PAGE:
Abstract: Cloud computing is an internet-based computing, where shared resources, software, and information are provided with consumers on-demand. They guarantee a way to share distributed resources and services that belong to different organizations. In order to build secure cloud environment, data security and cryptography must be assured to share data through distributed environment. So, this paper provides more flexibility and secured communication environment by deploying a new cryptographic service. This service entails both Quantum Key Distribution (QKD) and enhanced version of Advanced Encryption Standard (AES). Moreover, this service solves the key distribution and key management problems in cloud environment which emerged through the two implemented modes, on-line and off-line modes.
Keywords: cloud computing; quantum cryptography; AES; Internet-based computing; QKD; advanced encryption standard; cloud computing environment security; consumer on-demand; cryptographic service; cryptography; data security; distributed environment; information sharing; key management problems; off-line modes; on-line modes; quantum key distribution; resource sharing; software sharing; Algorithm design and analysis; Cloud computing; Computational modeling; Encryption (ID#: 15-7848)


Aysu, A.; Schaumont, P., “Precomputation Methods for Hash-based Signatures on Energy-Harvesting Platforms,” in Computers, IEEE Transactions on, vol. PP, no. 99, pp.1–1, November 2015. doi:10.1109/TC.2015.2500570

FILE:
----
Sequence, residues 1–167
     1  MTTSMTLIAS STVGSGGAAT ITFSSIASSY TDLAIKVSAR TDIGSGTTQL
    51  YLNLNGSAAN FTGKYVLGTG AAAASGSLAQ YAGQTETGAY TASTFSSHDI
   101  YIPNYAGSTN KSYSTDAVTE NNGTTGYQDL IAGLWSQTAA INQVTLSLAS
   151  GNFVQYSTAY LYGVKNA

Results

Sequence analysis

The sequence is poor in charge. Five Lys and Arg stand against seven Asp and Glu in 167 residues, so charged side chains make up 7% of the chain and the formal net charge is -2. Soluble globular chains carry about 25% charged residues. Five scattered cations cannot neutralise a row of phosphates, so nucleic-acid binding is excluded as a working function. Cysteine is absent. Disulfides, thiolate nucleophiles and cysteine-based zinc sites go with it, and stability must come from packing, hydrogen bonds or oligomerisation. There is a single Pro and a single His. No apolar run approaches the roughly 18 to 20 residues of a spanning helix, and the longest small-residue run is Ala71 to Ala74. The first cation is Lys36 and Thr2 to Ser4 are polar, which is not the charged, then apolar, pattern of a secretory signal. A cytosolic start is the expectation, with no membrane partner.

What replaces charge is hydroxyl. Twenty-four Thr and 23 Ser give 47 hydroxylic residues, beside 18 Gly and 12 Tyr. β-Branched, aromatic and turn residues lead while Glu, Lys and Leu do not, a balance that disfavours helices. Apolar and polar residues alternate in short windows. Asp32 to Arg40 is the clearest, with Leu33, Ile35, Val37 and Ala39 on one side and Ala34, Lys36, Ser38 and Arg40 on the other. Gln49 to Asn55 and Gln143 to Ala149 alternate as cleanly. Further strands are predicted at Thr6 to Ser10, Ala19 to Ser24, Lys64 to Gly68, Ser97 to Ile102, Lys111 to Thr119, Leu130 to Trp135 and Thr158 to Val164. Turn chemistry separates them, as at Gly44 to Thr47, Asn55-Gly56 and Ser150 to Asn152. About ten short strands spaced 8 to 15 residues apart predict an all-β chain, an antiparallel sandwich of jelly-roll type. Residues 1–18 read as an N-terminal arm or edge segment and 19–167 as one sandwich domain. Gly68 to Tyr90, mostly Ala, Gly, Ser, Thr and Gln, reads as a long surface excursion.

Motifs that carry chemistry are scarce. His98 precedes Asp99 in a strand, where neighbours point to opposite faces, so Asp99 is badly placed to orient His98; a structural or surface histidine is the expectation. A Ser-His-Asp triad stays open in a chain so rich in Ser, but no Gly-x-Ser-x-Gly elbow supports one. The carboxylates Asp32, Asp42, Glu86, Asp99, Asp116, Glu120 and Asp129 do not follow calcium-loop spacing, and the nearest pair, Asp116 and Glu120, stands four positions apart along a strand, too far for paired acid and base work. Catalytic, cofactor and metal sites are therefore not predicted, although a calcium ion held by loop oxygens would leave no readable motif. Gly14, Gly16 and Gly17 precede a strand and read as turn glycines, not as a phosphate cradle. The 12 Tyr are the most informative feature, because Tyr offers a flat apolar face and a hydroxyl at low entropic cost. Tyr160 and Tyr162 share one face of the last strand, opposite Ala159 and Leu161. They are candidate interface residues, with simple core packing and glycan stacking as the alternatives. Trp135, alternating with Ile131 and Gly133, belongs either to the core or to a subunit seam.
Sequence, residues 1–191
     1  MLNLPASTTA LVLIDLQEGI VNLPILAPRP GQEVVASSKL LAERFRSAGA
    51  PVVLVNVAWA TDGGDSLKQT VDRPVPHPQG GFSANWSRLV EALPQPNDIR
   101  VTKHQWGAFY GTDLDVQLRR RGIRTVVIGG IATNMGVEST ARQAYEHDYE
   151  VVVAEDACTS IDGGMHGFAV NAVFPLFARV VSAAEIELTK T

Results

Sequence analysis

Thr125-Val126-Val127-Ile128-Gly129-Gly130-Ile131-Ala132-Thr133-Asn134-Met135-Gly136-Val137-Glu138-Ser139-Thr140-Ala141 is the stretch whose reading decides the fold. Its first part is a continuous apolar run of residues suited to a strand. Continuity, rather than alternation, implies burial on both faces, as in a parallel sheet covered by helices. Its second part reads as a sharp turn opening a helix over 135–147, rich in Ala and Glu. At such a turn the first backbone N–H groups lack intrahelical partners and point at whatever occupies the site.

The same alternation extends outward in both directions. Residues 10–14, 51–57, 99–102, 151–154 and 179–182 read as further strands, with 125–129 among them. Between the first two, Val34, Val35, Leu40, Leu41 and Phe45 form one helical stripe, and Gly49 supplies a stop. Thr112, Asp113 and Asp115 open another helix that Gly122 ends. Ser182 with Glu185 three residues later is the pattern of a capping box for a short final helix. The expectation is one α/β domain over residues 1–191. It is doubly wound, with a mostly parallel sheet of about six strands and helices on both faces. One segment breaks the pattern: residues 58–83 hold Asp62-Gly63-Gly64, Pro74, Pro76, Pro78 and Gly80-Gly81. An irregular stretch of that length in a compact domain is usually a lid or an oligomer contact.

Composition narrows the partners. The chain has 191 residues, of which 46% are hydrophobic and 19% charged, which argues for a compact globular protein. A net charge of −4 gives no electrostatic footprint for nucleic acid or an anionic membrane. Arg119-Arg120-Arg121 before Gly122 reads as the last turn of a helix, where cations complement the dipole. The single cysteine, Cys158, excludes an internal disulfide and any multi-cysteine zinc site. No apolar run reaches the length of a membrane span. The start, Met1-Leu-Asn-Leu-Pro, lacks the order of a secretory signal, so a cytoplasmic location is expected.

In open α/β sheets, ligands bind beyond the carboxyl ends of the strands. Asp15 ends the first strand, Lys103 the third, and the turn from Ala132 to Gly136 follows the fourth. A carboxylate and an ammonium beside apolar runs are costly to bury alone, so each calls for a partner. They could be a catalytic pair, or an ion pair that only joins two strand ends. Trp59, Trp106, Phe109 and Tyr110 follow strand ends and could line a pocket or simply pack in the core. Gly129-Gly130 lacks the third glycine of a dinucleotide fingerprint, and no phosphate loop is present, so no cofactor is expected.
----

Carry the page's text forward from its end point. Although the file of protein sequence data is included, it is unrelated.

Abstract: Energy-harvesting techniques can be combined with wireless embedded sensors to obtain battery-free platforms with an extended lifetime. Although energy-harvesting offers a continuous supply of energy, the delivery rate is typically limited to a few Joules per day. This is a severe constraint to the achievable computing throughput on the embedded sensor node, and to the achievable latency obtained from applications running on those nodes. In this paper, we address these constraints with precomputation. The idea is to reduce the amount of computations required in response to application inputs, by partitioning the algorithm in an offline part, computed before the inputs are available, and an online part, computed in response to the actual input. We show that this technique works well on hash-based cryptographic signatures, which have a complex key generation for each new message that requires a signature. By precomputing the key-material, and by storing it as run-time coupons in non-volatile memory, there is a drastic reduction of the run-time energy needs for a signature, and a drastic reduction of the run-time latency to generate it. For a Winternitz hash-based scheme at 84-bit quantum security level on a MSP430 microcontroller, we measured a run-time energy reduction of 11.9 and a run-time latency reduction of 23.5.